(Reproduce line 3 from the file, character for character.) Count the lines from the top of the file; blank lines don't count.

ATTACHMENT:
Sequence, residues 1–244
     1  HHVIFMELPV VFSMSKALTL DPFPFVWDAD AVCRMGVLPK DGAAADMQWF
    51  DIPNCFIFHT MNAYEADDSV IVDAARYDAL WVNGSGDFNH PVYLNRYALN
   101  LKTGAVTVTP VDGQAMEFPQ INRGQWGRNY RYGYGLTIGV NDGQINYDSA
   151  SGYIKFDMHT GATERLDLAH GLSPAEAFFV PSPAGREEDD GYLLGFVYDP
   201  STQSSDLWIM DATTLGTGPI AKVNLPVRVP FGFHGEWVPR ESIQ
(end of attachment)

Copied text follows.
    51  DIPNCFIFHT MNAYEADDSV IVDAARYDAL WVNGSGDFNH PVYLNRYALN